Wood firing is an arduous task. One way to help reduce the time and labor it takes to process wood for a firing is to build a metal rack that holds the wood in place and allows it to be quickly cut to size.
Potters who wood fire know too well the strain of processing the cords of wood required to heat their kiln to temperature. At Pleasant Hill Pottery, we find ourselves seeking labor-saving methods to streamline the wood-firing process. Our wood is sourced from the scrap of three local sawmills. Much of this wood is in slab form (2–4 inches thick, 6–30 inches wide, and 8–16 feet long). Rather than cutting the wood on the ground (ruins your back and your chainsaw chain), I built metal racks that allow the wood to be loaded onto them directly from the truck or trailer then cut to manageable lengths (1). The system is versatile, portable, and adapts to a variety of wood sizes (long slabs, logs, branches, or dimension lumber) (2). Racks of similar design can be built out of wood but they are not as durable or sturdy.
The racks are built out of 1½-inch angle iron (1⁄8-inch thickness). The base is 30×120 inches, although all dimensions can be adjusted to fit your specific needs. The spread at the top (32 inches) is designed match the length of the chainsaw bar (3). There are six X-frames welded to the base. The intersection point of the X-frame is about 24 inches from the ground. There are short (12-inch) gussets between the two end X-frames and the base for support (4). Most hydraulic splitters have a 25 inch or larger capacity. Spacing the X-frames 24 inches apart and cutting in the middle of each pair of frames (5), produces 24-inch-length wood. This spacing can be adjusted to fit your splitter or desired wood length.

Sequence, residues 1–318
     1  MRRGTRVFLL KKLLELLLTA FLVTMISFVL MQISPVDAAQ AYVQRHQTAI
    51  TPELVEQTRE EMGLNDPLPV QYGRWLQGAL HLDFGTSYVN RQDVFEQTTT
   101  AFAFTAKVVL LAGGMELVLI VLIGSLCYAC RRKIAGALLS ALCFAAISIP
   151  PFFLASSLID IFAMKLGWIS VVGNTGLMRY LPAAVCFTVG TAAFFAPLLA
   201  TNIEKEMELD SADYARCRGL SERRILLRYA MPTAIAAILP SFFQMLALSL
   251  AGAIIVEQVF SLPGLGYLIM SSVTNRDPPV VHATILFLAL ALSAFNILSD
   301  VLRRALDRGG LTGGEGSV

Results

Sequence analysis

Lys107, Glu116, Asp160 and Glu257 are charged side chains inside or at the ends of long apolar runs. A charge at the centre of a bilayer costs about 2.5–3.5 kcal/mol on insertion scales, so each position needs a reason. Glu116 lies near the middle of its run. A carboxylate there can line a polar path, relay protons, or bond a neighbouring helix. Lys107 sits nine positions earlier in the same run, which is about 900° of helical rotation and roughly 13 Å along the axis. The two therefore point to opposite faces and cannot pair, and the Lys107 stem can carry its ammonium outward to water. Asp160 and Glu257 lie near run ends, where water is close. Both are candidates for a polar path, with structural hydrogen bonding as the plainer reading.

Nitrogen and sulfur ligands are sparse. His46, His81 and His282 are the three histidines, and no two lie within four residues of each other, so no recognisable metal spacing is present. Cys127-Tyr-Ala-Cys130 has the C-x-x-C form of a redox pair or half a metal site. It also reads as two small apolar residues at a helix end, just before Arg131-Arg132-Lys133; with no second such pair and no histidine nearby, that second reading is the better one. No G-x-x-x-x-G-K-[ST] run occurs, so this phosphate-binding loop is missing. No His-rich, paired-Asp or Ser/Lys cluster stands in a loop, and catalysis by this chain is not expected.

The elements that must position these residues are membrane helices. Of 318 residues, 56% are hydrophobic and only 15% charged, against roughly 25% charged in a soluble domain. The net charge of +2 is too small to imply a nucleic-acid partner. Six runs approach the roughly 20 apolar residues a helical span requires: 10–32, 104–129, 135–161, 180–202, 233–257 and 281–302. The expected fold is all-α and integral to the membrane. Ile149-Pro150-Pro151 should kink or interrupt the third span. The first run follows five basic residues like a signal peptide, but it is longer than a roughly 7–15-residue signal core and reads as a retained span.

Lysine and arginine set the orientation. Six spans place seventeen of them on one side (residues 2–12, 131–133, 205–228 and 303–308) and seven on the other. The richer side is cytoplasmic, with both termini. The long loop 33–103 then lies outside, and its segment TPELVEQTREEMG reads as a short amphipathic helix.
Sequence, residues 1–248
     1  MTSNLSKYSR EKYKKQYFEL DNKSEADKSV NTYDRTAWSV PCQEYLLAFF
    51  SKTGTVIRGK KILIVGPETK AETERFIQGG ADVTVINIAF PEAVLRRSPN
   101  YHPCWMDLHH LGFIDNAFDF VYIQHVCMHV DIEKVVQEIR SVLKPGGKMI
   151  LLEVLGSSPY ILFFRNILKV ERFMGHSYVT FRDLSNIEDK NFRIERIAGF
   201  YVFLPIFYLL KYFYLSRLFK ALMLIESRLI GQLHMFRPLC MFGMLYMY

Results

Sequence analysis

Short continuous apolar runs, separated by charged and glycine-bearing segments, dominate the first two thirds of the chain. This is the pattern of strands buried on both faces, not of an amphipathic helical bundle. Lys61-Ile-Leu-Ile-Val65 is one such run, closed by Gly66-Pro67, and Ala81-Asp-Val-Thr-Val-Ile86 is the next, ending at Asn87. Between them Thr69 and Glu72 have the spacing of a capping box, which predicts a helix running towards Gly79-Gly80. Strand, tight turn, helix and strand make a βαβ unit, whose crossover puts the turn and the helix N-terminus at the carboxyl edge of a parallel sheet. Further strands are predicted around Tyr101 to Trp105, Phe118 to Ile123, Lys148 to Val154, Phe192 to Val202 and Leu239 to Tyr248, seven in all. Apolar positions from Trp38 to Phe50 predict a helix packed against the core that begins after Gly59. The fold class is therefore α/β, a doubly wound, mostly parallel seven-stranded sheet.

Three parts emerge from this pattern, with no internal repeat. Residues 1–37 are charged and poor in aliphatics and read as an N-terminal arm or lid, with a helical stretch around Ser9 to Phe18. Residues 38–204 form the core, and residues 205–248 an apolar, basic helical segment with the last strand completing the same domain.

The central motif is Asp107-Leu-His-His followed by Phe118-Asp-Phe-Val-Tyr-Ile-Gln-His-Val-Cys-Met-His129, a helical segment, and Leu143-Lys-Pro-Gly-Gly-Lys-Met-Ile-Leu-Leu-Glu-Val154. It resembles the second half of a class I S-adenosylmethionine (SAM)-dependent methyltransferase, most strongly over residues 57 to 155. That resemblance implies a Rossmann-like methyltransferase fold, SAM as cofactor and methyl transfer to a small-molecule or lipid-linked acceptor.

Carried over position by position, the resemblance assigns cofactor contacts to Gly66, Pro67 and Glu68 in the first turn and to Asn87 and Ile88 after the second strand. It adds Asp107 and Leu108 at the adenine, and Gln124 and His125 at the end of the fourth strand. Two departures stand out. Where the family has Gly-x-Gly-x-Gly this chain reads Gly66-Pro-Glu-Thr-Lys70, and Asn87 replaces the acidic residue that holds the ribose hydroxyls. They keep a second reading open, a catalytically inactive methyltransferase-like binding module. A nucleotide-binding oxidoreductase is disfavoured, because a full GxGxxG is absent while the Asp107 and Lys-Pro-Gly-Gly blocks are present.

The racks are designed to be moved around by two people and are light enough to lift. They can be loaded by one or more people in just a few minutes, with wood longer than the racks hanging off the ends. Once the racks are loaded, the sawyer can cut between the metal X-frames, staying well clear of the metal. Leaving the lowest board uncut in the rack will allow the cut wood above to stay in place and not fall to the ground. After being cut, the wood can then be split smaller, if needed.
I have three racks, which hold a total of about a cord of wood when full. Cutting a full rack only takes a few minutes, minimizing chainsaw run-time and noise. During the whole process, the wood is kept between chest and knee level, lowering the potential for lifting injuries. There are tennis balls on the ends of the X-frames to provide protection from sharp corners.
Plans for the racks are available on the Pleasant Hill Pottery website (www.pleasanthillpottery.com).
the author Jesse Jones is a potter, civil engineer, and owner of Pleasant Hill Pottery in Oregon.